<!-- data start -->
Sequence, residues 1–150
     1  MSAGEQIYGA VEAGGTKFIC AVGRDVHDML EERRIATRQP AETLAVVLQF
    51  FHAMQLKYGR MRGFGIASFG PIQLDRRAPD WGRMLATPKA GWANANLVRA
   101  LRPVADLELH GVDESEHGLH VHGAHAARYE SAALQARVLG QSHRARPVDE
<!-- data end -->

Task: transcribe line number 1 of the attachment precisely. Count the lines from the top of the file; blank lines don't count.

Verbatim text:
Sequence, residues 1–150